Integrating Project ASSERT: A Screening, Intervention, and Referral to Treatment Program for Unhealthy Alcohol and Drug Use Into an Urban Emergency Department


  • Presented at the Society for Academic Emergency Medicine annual meeting, New York, NY, May 2005; and the Association for Medical Education and Research in Substance Abuse annual meeting, Washington, DC, November 2005.

  • This project was funded by the Robert Wood Johnson Foundation “New Haven Fighting Back” Initiative and the Connecticut Department of Mental Health and Addiction Services.

  • Supervising Editor: Lynne D. Richardson, MD.

Address for correspondence and reprints: Gail D’Onofrio, MD, MS; e-mail:


ACADEMIC EMERGENCY MEDICINE 2010; 17:903–911 © 2010 by the Society for Academic Emergency Medicine


Objectives:  The objective was to evaluate the effects of Project Alcohol and Substance Abuse Services Education and Referral to Treatment (ASSERT), an emergency department (ED)-based screening, brief intervention, and referral to treatment program for unhealthy alcohol and other drug use.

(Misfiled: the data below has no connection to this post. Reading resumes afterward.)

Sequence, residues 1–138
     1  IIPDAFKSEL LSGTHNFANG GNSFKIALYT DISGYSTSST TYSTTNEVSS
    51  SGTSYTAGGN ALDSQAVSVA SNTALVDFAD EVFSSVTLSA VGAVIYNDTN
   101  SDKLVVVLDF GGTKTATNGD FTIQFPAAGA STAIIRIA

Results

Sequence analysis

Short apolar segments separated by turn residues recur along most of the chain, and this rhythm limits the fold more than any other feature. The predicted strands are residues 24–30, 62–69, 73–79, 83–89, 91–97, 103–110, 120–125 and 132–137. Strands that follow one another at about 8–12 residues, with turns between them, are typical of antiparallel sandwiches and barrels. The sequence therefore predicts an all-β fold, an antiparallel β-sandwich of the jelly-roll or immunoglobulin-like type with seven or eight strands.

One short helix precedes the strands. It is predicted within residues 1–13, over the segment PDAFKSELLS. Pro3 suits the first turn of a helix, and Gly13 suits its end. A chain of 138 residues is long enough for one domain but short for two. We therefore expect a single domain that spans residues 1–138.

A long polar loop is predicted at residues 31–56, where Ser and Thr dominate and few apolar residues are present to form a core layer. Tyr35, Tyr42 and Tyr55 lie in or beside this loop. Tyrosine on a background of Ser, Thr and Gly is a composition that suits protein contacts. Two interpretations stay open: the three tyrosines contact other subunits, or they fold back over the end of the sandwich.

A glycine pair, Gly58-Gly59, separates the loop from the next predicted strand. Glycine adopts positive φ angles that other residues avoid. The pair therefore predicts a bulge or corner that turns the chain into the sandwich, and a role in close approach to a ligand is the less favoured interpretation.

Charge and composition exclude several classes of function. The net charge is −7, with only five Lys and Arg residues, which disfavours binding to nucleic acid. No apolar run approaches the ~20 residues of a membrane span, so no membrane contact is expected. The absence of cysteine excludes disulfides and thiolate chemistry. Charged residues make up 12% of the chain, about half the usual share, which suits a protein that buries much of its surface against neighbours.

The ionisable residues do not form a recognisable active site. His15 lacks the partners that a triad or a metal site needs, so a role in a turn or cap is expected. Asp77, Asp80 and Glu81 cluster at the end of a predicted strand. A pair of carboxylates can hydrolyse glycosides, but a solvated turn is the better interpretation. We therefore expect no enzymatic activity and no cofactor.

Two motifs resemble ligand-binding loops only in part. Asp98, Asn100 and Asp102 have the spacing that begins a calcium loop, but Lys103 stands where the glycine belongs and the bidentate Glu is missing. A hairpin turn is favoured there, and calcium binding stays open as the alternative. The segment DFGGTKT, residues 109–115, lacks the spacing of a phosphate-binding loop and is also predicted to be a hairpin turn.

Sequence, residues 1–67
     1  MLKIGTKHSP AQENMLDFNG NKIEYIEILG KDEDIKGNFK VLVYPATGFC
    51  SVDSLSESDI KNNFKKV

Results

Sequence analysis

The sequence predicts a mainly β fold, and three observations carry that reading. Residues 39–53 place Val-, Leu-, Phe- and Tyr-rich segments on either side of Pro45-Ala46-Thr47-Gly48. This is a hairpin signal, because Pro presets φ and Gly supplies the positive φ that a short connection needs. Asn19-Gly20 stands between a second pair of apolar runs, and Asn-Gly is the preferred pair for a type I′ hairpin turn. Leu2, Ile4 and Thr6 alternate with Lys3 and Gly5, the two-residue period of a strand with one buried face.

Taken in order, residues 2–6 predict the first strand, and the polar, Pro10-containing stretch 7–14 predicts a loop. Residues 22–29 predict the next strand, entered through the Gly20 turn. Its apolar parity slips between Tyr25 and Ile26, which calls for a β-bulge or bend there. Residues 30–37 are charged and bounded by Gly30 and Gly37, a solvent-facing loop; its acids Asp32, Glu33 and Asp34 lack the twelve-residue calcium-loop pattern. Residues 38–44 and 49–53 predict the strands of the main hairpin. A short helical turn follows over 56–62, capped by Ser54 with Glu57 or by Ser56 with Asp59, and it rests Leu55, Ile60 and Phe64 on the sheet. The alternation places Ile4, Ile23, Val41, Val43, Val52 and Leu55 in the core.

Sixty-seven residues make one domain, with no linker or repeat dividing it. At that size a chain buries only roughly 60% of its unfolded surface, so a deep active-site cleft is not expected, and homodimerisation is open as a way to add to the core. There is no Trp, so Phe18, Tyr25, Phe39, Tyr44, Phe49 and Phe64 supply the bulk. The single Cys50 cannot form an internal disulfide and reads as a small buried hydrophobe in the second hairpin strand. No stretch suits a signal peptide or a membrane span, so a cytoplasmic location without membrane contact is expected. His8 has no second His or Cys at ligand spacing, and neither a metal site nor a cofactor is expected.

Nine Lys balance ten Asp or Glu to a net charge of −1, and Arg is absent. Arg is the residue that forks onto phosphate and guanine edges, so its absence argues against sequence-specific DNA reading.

Methods:  Health promotion advocates (HPAs) screened ED patients for alcohol and/or drug problems 7 days a week using questions embedded in a general health questionnaire. Patients with unhealthy drinking and/or drug use received a brief negotiation interview (BNI), with the goal of reducing alcohol/drug use and/or accepting a referral to a specialized treatment facility (STF), depending on severity of use. Patients referred to an STF were followed up at 1 month by phone or contact with the STF to determine referral completion and enrollment into the treatment program.

Results:  Over a 5-year period (December 1999 through December 2004), 22,534 adult ED patients were screened. A total of 10,246 (45.5%) reported alcohol consumption in the past 30 days, of whom 5,533 (54%) exceeded the National Institute on Alcohol Abuse and Alcoholism (NIAAA) guidelines for low-risk drinking. Use of at least one illicit drug was reported by 3,530 patients (15.7%). Over one-fourth of screened patients received BNIs (6,266, or 27.8%). Of these, 3,968 (63%) were referred to an STF. Eighty-three percent of patients were followed at 1 month, and 2,159 (65%) had enrolled in a program. Patients who received a direct admission to an STF were 30 times more likely to enroll than those who were indirectly referred (odds ratio = 30.71; 95% confidence interval = 18.48 to 51.04). After 3 years, funding for Project ASSERT was fully incorporated into the ED budget.

Conclusions:  Project ASSERT has been successfully integrated into an urban ED. A direct, facilitated referral for patients with alcohol and other drug problems results in a high rate of enrollment in treatment programs.